The quarter-final between Spain and France turned out to be one of the most underwhelming matches of the tournament. Spain continued to play without any striker and Laurent Blanc’s French side looked overcautious to stop Andrés Iniesta while Xabi Alonso celebrated his century of international caps with a goal in either half of the game.
The semi-final between Spain and Portugal was a much awaited affair with the Portuguese captain Cristiano Ronaldo looking to drag his team to the peak. Del Bosque gave a surprise start to the Sevilla front man Álvaro Negredo who remained anonymous until replaced by Fàbregas in the 54th minute. After a not-so-inspiring 90 minutes, Spain did show some flair in the extra time and finally won the game 4-2 on penalties. Del Bosque later revealed that Cesc wanted to take the fifth penalty to be able to take the winner whereas Cristiano Ronaldo who was to take Portugal’s fifth one did not get to take his as the match was already decided.
The penalty of the tournament until this game was the atrocious Panenka by Andrea Pirlo against England in the quarter-final. Sergio Ramos, whose penalty in the Champions League semi-final against Bayern Munich had reached outer space as per rumour, did a Panenka with élan.
The final was all where it started in Group C. By then not everyone was convinced about Spain and Italy looked solid as ever with a complete demolition of the Germans in the semi-final where even the postman celebrated. Italy started the game well and before David Silva scored the first goal in the 14th minute, they actually looked almost equal to Spain, if not marginally better. Spain started with the now usual headless formation but their football was sharper, more attacking version of tiki-taka with an interesting mix of direct football. Jordi Alba’s brilliant strike in the 41st minute came from a brilliant Xavi Hernández through and by that time Italy was completely down and out. Spain added further assault when the substitute Torres scored in the 84th minute and finally Juan Mata, who came in as a substitute in the 87th minute, scored with his first touch. The final result 4-0 is an ample testimony of Spain’s supremacy in international football today.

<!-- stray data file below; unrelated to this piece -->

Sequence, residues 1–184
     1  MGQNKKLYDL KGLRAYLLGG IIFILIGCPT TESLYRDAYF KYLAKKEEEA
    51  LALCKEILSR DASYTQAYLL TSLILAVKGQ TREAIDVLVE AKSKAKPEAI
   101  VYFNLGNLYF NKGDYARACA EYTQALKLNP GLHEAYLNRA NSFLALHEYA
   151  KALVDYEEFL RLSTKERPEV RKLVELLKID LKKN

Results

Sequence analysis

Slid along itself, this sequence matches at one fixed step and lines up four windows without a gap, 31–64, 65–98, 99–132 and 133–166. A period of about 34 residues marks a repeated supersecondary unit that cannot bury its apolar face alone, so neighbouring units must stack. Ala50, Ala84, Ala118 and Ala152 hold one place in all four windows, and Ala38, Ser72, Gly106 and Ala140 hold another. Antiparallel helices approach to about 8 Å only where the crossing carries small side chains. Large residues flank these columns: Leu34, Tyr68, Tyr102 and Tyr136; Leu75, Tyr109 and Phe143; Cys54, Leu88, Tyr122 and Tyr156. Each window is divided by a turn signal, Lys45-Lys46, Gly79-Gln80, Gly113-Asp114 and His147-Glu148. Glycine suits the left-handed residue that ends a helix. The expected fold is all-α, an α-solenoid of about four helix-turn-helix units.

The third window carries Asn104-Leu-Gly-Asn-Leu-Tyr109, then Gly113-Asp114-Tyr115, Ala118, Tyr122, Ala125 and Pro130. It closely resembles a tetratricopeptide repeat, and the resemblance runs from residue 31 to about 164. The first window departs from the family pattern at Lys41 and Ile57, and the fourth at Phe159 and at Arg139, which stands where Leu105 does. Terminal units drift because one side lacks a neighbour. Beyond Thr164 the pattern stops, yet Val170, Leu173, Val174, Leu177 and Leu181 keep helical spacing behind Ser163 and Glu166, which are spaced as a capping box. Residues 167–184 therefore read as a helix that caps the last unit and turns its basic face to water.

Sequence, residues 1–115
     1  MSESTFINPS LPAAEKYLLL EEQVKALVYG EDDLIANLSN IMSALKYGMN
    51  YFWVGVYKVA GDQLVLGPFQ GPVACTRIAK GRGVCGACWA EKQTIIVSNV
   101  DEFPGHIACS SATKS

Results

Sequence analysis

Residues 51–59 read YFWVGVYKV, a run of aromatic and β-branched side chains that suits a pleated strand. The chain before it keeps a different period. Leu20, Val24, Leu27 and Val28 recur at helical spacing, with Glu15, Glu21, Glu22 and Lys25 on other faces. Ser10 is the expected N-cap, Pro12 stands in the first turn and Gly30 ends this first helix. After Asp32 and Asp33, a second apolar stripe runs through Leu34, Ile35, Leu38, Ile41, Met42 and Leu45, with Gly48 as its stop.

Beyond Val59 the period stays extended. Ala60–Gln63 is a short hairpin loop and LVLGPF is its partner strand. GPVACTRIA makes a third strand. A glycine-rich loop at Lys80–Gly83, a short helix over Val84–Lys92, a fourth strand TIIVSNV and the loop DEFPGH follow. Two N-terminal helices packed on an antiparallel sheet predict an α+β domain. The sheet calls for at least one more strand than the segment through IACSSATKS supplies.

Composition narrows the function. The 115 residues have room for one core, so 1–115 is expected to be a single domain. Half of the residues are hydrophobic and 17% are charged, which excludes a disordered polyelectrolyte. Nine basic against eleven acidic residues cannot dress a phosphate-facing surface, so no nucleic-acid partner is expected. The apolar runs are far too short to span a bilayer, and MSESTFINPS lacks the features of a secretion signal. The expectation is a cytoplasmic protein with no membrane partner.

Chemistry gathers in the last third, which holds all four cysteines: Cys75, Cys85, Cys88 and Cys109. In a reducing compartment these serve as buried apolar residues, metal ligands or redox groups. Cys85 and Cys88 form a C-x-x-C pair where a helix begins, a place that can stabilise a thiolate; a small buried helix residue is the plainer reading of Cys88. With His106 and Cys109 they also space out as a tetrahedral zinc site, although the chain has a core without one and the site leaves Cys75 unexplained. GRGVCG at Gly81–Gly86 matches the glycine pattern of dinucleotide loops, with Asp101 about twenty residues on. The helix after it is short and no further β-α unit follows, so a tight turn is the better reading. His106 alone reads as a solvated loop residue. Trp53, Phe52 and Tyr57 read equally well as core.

The current Spain side shows that success indeed breeds success. Up until Euro 2008, they were tagged as the serial underachievers of international football. But with the golden generation of footballers and a strong belief in their brand of football, Spain became the second team to win three successive major tournaments after Argentina who had won the Copa America (then called the South American Championships) in 1945, 1946 and 1947. As Juan Mata put it succinctly, “There’s a real faith in the approach now; the legacy of victory is a confidence for the future too”.
What is even bad news for other footballing powerhouses worldwide is that the current Spanish team does not show any sign of slowing down. Barring Xavi, no one’s on the wrong side of 30 and we may well find the same bunch of players in the forthcoming World Cup 2014 in Brazil, unless they get replaced by even better ones – only to make them a more unbeatable lot. Although the possibility is not an overtly optimistic one, the Spanish supply line is in full throttle. Their Under-19 team just won the UEFA European championship barely a week ago.